A 426-page final environmental impact report has been released for a proposed ordinance to ban commercial cannabis cultivation in Calaveras County, a step in a process that began more than a year ago.
The report concludes commercial cannabis cultivation has unavoidable adverse effects in Calaveras County that expose people to objectionable odors and creates a long-term increase in traffic.
Prepared by consultant Ascent Environmental Inc. of Sacramento, the final report includes responses to comments made by individuals and public agencies on a draft environmental impact report released in April.
A contract for draft and final environmental impact reports in connection with the proposed ordinance pays Ascent Environmental $221,947, Peter Mauer, planning director for Calaveras County, said Friday.
According to the final EIR, adverse effects of commercial cannabis cultivation that can be mitigated include impacts on air quality, aesthetic effects on scenic vistas, creation of new sources of glare, impacts on special-status species, modification and/or loss of streamside habitat, degradation or removal of sensitive natural communities, conflicts with local policies protecting biological resources, disturbance or loss of wildlife migratory corridors, disturbance of unique archaeological resources, and impacts on hydrology and water quality including groundwater supply and surface drainage impacts on flooding.
The EIR process for making a law addressing commercial cannabis cultivation in Calaveras County is required by the California Environmental Quality Act, which has been state law since 1970.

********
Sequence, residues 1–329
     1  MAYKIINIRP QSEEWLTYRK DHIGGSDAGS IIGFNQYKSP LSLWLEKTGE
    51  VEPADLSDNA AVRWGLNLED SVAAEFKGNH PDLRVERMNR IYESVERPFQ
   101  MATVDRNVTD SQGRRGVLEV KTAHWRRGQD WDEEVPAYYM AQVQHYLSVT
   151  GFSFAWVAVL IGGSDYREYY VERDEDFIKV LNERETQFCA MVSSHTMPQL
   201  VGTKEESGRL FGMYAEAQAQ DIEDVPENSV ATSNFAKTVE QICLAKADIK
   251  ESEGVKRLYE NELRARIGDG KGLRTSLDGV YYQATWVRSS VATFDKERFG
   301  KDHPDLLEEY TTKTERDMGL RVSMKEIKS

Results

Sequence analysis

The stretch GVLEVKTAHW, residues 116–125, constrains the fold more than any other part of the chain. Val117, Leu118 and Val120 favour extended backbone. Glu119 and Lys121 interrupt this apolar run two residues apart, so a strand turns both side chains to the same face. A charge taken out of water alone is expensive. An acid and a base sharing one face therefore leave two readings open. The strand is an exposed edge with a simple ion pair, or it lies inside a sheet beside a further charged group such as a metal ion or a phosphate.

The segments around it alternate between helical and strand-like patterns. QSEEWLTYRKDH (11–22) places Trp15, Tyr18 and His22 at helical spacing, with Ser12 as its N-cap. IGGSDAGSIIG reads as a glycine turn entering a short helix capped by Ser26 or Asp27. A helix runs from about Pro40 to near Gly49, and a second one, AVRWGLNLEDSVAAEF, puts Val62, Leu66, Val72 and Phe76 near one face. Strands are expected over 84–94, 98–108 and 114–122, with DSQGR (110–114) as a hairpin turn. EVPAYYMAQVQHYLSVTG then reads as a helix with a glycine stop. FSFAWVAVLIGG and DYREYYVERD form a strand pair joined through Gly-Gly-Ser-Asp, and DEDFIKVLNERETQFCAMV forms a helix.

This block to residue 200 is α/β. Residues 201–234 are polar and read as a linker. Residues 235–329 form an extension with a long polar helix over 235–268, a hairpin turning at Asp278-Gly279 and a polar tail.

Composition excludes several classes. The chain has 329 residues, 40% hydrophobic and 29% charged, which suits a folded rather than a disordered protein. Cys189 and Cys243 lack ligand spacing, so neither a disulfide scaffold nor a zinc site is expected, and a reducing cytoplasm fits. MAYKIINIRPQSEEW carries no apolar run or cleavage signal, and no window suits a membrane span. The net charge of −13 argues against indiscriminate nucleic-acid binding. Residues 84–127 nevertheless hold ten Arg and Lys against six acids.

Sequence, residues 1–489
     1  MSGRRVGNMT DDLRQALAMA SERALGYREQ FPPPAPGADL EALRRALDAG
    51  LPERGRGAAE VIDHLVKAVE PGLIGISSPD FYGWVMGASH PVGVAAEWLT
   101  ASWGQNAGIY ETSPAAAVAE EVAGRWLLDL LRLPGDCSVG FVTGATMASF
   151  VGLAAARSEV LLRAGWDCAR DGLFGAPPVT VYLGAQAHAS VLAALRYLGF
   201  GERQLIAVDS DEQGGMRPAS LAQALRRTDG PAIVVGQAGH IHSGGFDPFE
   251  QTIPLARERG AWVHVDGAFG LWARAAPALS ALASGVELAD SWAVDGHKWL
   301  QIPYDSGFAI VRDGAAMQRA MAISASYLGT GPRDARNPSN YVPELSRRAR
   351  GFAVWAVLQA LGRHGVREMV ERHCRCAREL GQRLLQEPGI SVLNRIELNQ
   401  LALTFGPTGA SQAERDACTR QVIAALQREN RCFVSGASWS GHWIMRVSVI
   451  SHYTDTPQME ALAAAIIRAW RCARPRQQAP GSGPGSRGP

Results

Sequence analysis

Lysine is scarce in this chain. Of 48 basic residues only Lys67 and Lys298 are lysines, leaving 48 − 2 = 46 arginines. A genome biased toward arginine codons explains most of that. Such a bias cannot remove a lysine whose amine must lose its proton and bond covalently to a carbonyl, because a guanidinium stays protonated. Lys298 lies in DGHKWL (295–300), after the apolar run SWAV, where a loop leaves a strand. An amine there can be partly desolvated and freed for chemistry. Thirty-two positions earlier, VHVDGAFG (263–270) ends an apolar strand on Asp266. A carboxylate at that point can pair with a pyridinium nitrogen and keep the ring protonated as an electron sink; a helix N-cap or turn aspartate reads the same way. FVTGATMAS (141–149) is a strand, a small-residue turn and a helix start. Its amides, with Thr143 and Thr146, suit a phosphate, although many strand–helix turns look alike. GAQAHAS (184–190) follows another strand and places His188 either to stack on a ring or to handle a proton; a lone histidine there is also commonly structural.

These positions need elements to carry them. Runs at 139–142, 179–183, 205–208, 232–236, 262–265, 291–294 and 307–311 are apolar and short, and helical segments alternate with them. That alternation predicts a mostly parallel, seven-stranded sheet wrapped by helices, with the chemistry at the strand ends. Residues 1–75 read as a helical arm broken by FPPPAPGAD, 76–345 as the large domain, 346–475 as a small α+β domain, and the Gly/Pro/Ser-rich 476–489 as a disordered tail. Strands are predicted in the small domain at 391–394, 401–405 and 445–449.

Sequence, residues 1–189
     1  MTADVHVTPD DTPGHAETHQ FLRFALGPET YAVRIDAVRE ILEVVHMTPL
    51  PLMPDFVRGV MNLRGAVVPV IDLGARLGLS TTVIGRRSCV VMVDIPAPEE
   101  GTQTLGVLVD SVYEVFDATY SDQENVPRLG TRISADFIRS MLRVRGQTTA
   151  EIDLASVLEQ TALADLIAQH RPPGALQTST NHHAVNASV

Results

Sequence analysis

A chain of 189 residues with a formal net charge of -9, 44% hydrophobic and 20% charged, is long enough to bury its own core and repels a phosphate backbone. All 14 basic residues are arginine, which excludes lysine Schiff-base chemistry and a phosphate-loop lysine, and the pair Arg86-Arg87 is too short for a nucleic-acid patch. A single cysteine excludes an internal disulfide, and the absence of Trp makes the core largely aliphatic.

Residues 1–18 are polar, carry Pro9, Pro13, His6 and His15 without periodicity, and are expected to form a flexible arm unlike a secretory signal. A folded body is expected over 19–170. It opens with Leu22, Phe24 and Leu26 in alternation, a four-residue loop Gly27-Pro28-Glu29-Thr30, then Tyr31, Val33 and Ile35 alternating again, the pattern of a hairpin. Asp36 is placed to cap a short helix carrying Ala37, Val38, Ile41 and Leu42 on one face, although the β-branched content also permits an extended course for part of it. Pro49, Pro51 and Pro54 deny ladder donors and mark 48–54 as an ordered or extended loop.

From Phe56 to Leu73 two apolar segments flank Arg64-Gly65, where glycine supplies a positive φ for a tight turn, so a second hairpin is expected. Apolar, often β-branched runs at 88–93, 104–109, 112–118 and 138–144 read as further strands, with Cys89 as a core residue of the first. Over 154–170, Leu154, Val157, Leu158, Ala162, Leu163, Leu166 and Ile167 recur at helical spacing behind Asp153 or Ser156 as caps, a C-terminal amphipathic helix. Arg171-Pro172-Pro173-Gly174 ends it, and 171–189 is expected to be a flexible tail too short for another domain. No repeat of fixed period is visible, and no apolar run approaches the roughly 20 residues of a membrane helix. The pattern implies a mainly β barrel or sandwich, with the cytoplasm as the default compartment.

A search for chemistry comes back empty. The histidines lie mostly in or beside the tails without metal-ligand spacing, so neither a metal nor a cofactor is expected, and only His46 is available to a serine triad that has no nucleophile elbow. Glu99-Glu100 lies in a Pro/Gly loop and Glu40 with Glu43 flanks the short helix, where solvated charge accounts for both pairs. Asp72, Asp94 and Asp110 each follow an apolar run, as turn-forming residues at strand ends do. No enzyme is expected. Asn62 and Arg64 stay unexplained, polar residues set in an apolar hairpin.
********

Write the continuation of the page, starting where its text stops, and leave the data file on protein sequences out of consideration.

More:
The final EIR is required to include perspective from the Calaveras County Air Pollution Control District, Cal Fire, Caltrans, state departments of Fish and Wildlife, Food and Agriculture, Parks and Recreation, Pesticide Regulation, the state Department of Water Resources and the Central Valley Regional Water Quality Control Board.
More than 700 registered pot farms made marijuana growing the largest industry in the county last year, according to a study, with estimates of an annual economic impact of $339.2 million, 3,404 jobs and income to workers of $172.2 million.
At the same time, Calaveras County Sheriff Rick DiBasilio estimates there are as many as 600 illegal farms operating in the shadows.
The objectives of the proposed ordinance to ban commercial cultivation, according to the final EIR, are to recognize requirements of state and federal law related to the use and distribution of cannabis, to regulate premises used for marijuana cultivation or commercial activities related to marijuana, or to prohibit those uses within constraints of state law, to maintain the health, safety, and well-being of county residents and the environment, to minimize risks of and complaints regarding fire, odor and pollution caused by unregulated cultivation of marijuana, and to protect surface and groundwater resources by reducing discharges of sediments, pesticides, fertilizers, petroleum hydrocarbons, trash and human waste.
Cannabis cultivation in Calaveras County is currently allowed under an urgency ordinance adopted last year that regulates commercial cannabis growers operating before May 10, 2016.
A special election to ban pot scheduled in May this year was thrown out by a judge, making the Board of Supervisors the last line of defense for pot opponents. Three supervisors who voted for the urgency ordinance lost their seats in November. The new board has directed county staff to craft a permanent ordinance banning pot.
A public hearing on the final EIR and to consider a recommendation to the Board of Supervisors on the proposed ordinance is scheduled to begin at 9 a.m. Sept. 28 at San Andreas Town Hall, 24 Church Hill St.